BEIJING – It’s hard to argue against the widely held notion that the weaknesses of China’s fabless companies lies in their inability to go beyond the Chinese market. Put more bluntly, Chinese companies are content with making cheaper products for the domestic market.
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Yiming Zhu, CEO and president of fabless company GigaDevice, takes the argument to another level: The target market for Chinese fabless chip companies should extend beyond the 1.3 billion people in China and reach out to the 6 billion inhabitants of the the developing world.
Of the earth’s current population of more than 7 billion, Zhu points out, “one billion people in the developed countries have already had a chance to try or buy iPhones. There are six billion people in the pool who also want digital life, but can’t afford iPhones.”
If China’s fabless companies can play a role in filling the digital divide with low-cost products, more power to China. (Rockchip, China’s fabless apps processor vendor, for example, is supplying its CPU to 7-inch media tablets made in China. They are being purchased by Thai government for its “One Tablet Per Child” program.)
Zhu also stressed that this strategy might actually buy time for China to buy time, hone its digital skills and catch up with the West. Pursuing a market of 6 billion poor consumers over the next decade “will give China time to grow,” he said.
The view may be a little too utopian.
Moreover, I don’t subscribe to the notion of China being Africa’s "new
colonialists" cultivating a new geopolitical market.
We are too out of it. We are the ones order Diet Coke in Aferican famine refugee camps. The Chinese, on the other hand, were in the camps like that not long ago. They can understand issues without reading a book about it.
We should focus on China, the top 1.3B of the 6B. Let them do the trickle down job. It is not fun.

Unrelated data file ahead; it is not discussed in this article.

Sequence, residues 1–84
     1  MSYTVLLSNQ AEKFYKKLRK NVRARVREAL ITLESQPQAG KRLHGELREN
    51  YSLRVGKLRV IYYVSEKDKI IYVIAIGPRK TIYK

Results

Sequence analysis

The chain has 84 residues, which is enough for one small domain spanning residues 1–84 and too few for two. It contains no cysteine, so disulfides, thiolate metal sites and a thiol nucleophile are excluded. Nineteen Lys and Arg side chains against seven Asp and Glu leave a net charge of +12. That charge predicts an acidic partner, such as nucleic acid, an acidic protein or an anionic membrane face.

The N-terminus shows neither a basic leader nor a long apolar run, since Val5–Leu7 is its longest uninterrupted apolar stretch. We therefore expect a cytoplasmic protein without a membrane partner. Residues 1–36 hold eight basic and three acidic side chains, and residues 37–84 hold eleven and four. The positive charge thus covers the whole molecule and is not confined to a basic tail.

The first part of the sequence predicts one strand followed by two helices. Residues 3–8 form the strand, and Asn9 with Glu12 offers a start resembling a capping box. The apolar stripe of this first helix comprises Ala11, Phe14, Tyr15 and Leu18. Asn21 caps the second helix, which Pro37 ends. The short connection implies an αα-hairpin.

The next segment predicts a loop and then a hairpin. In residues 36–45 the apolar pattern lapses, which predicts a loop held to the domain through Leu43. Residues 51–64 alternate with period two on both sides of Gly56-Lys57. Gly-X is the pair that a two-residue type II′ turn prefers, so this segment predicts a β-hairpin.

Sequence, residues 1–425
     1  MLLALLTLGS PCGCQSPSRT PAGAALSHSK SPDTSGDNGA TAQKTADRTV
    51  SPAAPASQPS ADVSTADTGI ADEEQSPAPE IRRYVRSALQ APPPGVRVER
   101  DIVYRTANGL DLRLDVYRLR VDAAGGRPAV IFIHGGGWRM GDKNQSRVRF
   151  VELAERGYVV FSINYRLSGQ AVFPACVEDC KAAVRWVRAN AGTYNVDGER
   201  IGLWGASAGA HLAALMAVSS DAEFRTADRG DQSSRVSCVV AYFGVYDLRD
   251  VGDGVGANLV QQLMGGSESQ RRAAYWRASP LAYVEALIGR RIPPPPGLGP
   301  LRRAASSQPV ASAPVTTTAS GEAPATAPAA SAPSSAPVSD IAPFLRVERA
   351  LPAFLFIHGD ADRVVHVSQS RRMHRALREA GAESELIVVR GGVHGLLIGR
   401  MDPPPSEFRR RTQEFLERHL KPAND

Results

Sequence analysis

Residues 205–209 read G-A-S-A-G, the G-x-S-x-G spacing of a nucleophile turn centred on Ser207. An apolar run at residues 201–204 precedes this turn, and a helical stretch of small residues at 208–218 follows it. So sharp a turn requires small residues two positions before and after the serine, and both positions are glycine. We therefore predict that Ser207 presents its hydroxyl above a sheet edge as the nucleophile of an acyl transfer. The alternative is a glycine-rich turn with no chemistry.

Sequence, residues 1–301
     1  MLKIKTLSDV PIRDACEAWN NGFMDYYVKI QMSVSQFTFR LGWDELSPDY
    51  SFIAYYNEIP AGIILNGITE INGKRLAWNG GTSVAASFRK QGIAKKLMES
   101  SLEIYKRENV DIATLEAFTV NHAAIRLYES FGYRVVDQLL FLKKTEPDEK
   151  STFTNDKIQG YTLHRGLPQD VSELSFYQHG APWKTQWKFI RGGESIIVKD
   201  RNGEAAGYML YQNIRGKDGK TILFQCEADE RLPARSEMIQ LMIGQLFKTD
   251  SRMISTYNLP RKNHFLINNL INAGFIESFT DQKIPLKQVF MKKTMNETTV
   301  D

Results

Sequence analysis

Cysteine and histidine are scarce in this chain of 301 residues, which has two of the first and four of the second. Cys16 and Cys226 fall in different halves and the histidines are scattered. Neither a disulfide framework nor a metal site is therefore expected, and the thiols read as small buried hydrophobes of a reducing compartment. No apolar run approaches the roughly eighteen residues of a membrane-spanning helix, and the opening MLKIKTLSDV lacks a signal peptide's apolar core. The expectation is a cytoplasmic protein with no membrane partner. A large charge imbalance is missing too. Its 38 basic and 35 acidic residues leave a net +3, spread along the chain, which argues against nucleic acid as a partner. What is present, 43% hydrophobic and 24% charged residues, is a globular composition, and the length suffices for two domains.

Mr. Zhu describes a situation common to markets where the original players have gone upscale to meet profit margins. See Harvard Prof. Clayton Christensen among others for discussion about disruptive innovation. When new players come in to the market, the old-timers usually retreat to the upscale area even more. It is usually very hard for established firms to justify setting up more resources just to cannibalize their own sales. The new entrants can go after the low-end markets without attracting too much attention from the established players. Their first products aren't perfect, but usually good enough at the low pricepoint to attract enough customers to support development. Eventually the new entrants correct their mistakes and begin offering products that move upscale. By then it's too late for the old-timers to fight the upstarts off.
Of the big cellphone makers, Samsung might "eat their own lunch" somewhat to go after some of the unserved 6 billion. I don't think Apple is willing to consider this--they like the very fat profit margins they are banking.
Very well articulated. Thanks for your comments above.
As for Apple, the word on the street in China was that Apple did have some discussions with China Mobile -- to offer iPhones for TD-SCDMA market. The two copanies did not agree on the phone subsidies to be offered by China Mobile.